The only person who can answer this question with absolute authority is the principal of the school, I'll take a stab at it... With children arriving at different times (over perhaps as much as a 30 minute period) it would seem impractical to have the teacher hanging out at the school entrance waiting for everyone in the class to show up so (s)he can escort the entire group to the classroom. And how would she know when she (and the rest of the kids) were, in fact, waiting for a child who wasn't coming to school that day? Teachers have lots to do in and waiting for students doesn't seem like a good use of their time.
The deeper issue here seems to be your sense that once your child walks into the school building (s)he may either a) not be safe and/or b) may not be able to find the right classroom.
If you don't feel like your child is safe in the school without an adult escort, you should definitely talk to the principal because something is very wrong.
As for the possibility of getting lost... Most kindergarten students can follow room numbers and within a day or two of learning the way, they are very likely to feel a great sense of pride in getting themselves to the right room where they should be welcomed each morning with a warm smile and a personal "Hello!" from their teacher.
I answered your other question (http://www.education.com/question/bay-crest-gate-feel-safe/ ) before I saw this one. Again, I suggest contacting your child's principal and teacher, and discussing these concerns further. At my daughter's school, the children (and their parents) lined up on the playground and when the bell rang, the teachers would come collect the children (the parents hugging, kissing and saying goodbye to their kids), and the teacher would escort the students to the classroom as a group. This was true for kindergarten through sixth grade. But every school is different, so please do get in touch with the leaders at your school to learn more about their policies and procedures. Good luck!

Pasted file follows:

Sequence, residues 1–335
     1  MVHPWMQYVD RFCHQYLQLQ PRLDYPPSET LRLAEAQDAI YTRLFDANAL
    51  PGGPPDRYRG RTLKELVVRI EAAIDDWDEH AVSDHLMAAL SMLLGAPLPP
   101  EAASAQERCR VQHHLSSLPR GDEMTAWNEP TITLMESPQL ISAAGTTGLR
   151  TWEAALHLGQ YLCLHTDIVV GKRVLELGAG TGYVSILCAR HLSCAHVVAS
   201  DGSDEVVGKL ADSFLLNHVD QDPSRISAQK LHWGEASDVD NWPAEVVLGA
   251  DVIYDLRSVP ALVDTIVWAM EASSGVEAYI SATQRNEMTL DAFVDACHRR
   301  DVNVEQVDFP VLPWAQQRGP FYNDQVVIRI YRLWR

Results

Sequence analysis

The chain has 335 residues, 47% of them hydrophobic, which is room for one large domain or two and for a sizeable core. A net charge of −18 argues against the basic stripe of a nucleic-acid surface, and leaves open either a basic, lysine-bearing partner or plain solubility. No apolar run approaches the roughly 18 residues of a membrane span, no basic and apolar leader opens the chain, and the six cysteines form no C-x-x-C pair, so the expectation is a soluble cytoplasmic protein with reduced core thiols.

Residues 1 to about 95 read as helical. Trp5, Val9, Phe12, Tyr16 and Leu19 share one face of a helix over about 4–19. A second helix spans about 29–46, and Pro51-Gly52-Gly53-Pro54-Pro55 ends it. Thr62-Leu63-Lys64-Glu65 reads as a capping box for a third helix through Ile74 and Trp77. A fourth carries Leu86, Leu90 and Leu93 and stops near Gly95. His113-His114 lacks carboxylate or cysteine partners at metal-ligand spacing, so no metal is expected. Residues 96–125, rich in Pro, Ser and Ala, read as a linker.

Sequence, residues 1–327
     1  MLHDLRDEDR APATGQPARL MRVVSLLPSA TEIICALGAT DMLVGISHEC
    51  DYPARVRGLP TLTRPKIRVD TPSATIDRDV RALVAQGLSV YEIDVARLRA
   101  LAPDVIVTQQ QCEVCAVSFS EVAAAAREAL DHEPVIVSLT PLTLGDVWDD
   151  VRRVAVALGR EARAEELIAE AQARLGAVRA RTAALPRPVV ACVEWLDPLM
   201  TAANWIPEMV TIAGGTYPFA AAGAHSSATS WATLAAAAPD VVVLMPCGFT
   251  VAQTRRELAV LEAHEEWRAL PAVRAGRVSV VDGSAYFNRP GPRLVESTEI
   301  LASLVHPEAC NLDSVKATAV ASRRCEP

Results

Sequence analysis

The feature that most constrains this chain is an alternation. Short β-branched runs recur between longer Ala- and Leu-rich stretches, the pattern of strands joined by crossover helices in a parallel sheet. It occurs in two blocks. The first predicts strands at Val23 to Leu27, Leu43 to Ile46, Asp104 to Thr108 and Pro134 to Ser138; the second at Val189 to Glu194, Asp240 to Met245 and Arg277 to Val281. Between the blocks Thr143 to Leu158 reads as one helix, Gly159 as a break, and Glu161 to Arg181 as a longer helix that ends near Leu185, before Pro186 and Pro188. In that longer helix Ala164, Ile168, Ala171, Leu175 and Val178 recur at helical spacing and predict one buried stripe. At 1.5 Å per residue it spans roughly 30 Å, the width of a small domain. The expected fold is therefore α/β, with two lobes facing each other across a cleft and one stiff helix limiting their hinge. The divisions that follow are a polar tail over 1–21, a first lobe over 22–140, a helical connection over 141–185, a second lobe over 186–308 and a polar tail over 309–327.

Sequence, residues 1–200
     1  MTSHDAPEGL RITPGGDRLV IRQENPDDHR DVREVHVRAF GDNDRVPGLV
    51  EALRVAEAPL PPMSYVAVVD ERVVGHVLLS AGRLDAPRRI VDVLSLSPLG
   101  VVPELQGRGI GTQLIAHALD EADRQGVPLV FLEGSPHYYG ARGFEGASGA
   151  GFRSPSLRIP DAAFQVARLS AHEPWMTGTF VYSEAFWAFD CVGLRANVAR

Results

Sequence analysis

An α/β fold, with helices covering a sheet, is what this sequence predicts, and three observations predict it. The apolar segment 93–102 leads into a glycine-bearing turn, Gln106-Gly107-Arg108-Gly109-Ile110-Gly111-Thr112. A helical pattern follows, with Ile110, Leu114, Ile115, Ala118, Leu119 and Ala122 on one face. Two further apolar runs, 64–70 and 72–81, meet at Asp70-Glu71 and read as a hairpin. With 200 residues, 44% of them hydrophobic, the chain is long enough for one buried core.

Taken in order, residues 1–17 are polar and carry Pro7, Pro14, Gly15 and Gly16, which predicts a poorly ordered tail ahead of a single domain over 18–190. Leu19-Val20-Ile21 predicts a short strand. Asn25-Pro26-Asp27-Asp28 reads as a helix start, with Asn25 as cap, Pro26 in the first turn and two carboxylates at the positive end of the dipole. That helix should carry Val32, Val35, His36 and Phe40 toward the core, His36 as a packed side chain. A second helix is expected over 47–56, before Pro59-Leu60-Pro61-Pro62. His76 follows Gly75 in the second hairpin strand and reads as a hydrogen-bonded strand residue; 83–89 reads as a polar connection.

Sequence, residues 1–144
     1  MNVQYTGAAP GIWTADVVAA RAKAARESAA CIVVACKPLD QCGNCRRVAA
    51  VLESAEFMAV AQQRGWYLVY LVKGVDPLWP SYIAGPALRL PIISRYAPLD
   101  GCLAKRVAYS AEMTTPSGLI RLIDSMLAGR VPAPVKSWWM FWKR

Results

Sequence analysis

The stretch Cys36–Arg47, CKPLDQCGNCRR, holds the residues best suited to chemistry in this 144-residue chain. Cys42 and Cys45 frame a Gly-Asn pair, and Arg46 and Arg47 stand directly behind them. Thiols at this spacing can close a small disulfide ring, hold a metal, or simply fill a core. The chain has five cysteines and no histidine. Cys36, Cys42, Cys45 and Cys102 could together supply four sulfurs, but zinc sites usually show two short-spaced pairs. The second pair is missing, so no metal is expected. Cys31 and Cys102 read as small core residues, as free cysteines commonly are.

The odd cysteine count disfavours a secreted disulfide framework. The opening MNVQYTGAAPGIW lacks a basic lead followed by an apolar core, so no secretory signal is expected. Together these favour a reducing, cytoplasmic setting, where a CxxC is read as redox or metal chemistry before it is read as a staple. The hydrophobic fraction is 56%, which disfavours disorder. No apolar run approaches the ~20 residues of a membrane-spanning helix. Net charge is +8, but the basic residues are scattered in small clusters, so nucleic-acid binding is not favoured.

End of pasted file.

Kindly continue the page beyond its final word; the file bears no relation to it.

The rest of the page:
I have the same problem. Fortunately I have an older child that walks her to class, but even he can't walk her all the way to the door, he gets stopped by a teacher at the Kindergarten hall and she tells him to go to class.
I hate it! I feel like I am dumping my baby in the parking lot and she has to fend for herself.
Proposed solution: As a retired kindergarten teacher my school was concerned for the safety of the kindergarten children first. To keep them safe, all kindergarten students reported to the cafeteria in the morning where all kindergarten teachers were required to be present waiting for their class to assemble. There was a class area and order for the students to be seated by name. Visual attendance was taken, and at the sound of the bell the students were escourted to their classroom by their teacher. Most parents walked with their child to the cafeteria to greet the teacher for the day which involved the parent with the school in a positive way. At the end of the day the students lined up to be escourted out to greet their parents and teachers did a visual match of parent with child to ensure the safety of the child. Children who were not picked up at the end of the day were taken to the cafeteria where the teacher stayed with the child until the principal arrived. Phone calls were made to coordinate the pick-up. Kindergarten students were never allowed to be alone with students in elementary grades. Adults on duty as a hall monitor, outside the bus area, in front of, and behind the school were on guard to identify a kindergarten student walking alone and contacted the counselor, school nurse, principal, or janator to personally take the child to the cafeteria. It was all ISD employees duty to assist all kindergarten students to the cafeteria in the morning, and on the bus or to the parent in the afternoon.
I agree with you. Kindergarteners should be supervised at all times. Try contacting the school and express your concerns. You might find that the school is going to be changing the morning and afternoon proceedure. By expressing your concerns to the school, they know that you are trying to help all of the students.
Another thing you could do is talk to the other parents. See how they feel about this and ask if they have any further recommendations. You might find that a lot of other parents feel the same way you do.
I hope this helps! Good luck Gordy!